Make the most of your garden.
The Victorians not only recognised the health benefits of fitting good windows, but also how important the garden was in enhancing the health and happiness of a home dweller. In many Victorian homes you find double doors opening from the back parlour or dining room into the garden. These are know as 'French doors' and are synonymous with classic style. Now, over a century later, most modern architecture is based around adding light and bringing the outdoors indoors. There are a wide range of timber French doors and more contemporary folding sliding doors available that allow you to open up your Victorian home and make the best use of light and space. For more information consult the JELD-WEN doors catalogue, available on request by calling 0845 122 2890.

Make sure you rebate your new windows.
Victorian windows were always rebated into the wall - usually set back from the face of the brickwork by 100mm. This provided the windows with some protection against the driving rain and wind. Some windows in Victorian renovations are fitted flush with the face of the wall which is not in keeping with the original design. If your sliding sash windows need replacing, make sure when you order your windows that you let us know they are for a Victorian renovation - that way we can recomend that they are set back in the wall to increase your home's authenticity.

Choose the appropriate decorative glass.
The fanlights in many Victorian front doors were glazed with tiny decorative coloured panes with leading used to create intricate patterns. Replacement entrance doors are available that replicate this appearance and come with double glazed units to improve the thermal efficiency of the original design. There are many doors within our range that will enhance the overall period look of a Victorian property.

You will be able to tell if the glass is original in your existing Victorian door by looking through the glass and moving your head from side to side - if you see distortions in the image then it is most likely that it is original - modern float glass does not have the same imperfections as glass produced in Victorian times.

Victorians understood the benefits of roof windows.
The Victorians often kept the living quarters for the servants in the attic which is why you sometimes find small iron skylights or rooflights in this style of property. These windows were either non-opening or hinged and, because they were single glazed, often suffer from condensation. Rust and decay over time now means that many of these windows have since needed replacing. Replica rooflights are available that are double glazed, which elimates the problem of condensation, but retains the period look.

Make a feature out of your front door.
A major feature of Victorian homes was an elaborate entrance, which denoted the status of the owner and their property. The more expensive the house, the more elaborate the mouldings. Timber is therefore a great choice for replacing Victorian entrance doors as it offers extensive design possibilities and can provide an authentic Victorian feel. Early Victorian doors were normally six panel, with four panelled doors becoming more popular later. The lower panels were made of thick solid timber, with the upper panels featuring decorative mouldings and coloured glass, with fanlights above. JELD-WEN offers doors that replicate this period perfectly and are ideal for Victorian renovations. This includes the new Kensington timber door range, with its decorative triple glazed units, black leading and bevelled glass. The benefits of replacing with a modern engineered timber entrance door means the door should not warp, crack or split. The Kensington range is also supplied with 5" stiles for added structural stablility and is provided unfinished, to be decorated to suit individual tastes.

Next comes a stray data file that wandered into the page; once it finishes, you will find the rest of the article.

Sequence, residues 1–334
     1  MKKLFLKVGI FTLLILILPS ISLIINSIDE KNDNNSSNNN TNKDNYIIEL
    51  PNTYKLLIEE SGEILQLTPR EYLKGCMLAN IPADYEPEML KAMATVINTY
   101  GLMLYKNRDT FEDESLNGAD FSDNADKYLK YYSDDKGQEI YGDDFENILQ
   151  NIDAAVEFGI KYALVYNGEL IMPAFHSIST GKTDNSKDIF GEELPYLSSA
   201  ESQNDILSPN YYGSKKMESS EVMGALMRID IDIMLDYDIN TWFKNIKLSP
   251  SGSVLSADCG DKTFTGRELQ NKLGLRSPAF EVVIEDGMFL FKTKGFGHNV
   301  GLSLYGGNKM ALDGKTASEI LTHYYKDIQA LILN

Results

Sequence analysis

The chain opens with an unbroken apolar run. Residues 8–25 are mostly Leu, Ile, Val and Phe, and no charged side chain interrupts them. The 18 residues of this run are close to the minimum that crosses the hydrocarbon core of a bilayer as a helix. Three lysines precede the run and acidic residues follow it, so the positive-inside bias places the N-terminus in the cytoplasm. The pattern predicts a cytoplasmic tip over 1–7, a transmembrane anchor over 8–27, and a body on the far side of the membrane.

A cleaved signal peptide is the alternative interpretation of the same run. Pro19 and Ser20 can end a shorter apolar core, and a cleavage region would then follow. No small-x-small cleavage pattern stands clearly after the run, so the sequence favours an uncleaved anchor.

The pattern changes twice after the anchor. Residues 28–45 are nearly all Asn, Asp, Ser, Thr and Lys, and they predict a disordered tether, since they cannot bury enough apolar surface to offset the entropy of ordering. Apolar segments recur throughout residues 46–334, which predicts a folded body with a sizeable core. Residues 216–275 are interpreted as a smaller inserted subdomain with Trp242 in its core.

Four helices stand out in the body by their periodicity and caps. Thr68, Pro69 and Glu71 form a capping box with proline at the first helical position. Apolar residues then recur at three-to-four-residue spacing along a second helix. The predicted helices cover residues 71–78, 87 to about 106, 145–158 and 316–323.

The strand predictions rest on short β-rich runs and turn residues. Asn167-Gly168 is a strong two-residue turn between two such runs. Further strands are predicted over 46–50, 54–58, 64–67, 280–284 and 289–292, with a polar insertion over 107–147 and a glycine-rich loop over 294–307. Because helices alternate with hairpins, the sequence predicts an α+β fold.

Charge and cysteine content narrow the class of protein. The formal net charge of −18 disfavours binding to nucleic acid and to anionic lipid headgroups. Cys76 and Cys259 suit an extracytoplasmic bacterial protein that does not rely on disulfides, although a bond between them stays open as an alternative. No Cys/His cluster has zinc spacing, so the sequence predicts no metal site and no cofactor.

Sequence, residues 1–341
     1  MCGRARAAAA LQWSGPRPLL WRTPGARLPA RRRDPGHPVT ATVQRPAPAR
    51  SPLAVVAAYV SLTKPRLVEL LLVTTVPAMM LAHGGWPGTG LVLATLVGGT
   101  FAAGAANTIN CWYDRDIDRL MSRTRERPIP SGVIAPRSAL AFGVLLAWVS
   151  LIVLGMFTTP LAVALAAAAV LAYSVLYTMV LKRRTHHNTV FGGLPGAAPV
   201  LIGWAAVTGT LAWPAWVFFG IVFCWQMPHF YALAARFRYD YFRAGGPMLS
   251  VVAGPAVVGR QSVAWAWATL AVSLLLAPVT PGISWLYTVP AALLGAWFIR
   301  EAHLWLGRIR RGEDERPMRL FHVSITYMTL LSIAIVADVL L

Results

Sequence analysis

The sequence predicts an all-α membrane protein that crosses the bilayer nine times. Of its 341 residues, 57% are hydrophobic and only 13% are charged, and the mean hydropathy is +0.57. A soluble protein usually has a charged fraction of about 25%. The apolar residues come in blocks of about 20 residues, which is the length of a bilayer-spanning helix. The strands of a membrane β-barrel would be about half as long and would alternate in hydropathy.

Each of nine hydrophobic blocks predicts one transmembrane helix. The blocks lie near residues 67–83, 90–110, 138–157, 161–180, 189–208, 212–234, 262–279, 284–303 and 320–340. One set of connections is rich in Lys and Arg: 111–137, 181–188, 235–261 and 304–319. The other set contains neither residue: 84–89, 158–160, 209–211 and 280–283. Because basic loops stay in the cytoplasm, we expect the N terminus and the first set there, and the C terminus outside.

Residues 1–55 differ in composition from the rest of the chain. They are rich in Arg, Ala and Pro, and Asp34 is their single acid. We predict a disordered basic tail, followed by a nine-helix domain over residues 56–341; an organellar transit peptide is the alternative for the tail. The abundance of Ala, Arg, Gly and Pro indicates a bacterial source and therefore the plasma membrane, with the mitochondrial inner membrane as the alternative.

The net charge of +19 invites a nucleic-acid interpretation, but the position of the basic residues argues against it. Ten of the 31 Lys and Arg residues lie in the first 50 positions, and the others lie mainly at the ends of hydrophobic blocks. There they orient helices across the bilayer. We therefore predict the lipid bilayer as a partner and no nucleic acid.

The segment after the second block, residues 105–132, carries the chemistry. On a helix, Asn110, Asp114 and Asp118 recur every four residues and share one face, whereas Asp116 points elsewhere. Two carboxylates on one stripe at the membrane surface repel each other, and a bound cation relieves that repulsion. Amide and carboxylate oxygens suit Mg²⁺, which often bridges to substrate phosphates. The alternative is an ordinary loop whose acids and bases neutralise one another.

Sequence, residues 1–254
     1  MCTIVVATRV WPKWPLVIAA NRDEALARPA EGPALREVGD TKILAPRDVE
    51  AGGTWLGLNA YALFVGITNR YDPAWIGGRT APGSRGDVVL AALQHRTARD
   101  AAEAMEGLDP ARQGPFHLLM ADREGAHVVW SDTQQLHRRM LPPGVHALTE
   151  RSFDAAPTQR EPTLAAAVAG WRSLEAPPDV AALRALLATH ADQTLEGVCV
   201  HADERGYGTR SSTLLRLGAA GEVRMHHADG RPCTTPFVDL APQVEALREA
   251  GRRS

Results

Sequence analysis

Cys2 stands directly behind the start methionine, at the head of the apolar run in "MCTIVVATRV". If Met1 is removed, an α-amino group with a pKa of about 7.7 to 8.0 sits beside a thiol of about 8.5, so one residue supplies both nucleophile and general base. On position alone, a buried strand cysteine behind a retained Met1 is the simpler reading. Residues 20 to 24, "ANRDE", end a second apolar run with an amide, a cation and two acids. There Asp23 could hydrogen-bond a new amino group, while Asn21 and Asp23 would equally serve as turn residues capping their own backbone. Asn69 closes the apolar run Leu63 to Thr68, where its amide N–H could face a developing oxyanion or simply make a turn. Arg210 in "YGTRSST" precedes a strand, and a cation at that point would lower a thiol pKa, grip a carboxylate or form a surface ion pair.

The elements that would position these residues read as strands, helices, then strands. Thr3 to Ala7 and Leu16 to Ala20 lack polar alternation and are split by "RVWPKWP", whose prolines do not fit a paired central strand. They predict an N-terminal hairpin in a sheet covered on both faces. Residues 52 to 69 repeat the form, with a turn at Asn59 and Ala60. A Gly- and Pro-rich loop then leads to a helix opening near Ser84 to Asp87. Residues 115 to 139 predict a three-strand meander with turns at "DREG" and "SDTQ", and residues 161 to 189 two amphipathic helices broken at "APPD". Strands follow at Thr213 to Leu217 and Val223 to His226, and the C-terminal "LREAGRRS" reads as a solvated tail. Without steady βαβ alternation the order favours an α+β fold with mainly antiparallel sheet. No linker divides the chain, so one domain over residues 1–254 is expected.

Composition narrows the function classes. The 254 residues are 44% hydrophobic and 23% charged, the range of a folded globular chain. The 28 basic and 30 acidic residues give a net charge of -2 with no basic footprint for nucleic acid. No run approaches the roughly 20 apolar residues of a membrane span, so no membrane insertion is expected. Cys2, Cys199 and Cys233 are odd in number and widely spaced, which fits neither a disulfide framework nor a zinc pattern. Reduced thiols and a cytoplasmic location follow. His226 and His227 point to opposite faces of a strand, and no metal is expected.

Use bold colours.
The Victorians had bright bold tastes for their windows and doors. Brunswick green, redish browns, maroon and dark red were all popular colours and gave homes an individual look. Only the most expensive hardwoods were stained instead of painted to show off their exclusive woodgrains. A simple way to capture the Victorian era is to experiment with colour - and there are many paint ranges, such as Farrow and Ball, that reflect the Victorian era . We advise that you choose a water-based timber paint that allows the timber to breathe, ensuring a long life for the door or window as well as protecting the environment.

Queen Victoria's reign, from 1837 to 1901 was the longest of any British monarchy. Her rule marked the advent of the industrial revolution which saw both a change in the way people lived - with a move towards city living and also how they lived - with air and light driving the design and layout of new homes. These themes are still as relevant today as they were back then and show why it is very important that period properties, such as Victorian homes are correctly restored."

For more information on timber doors, windows or patio doors for Victorian renovations, contact JELD-WEN on 0845 122 2890 or visit the website www.jeld-wen.co.uk.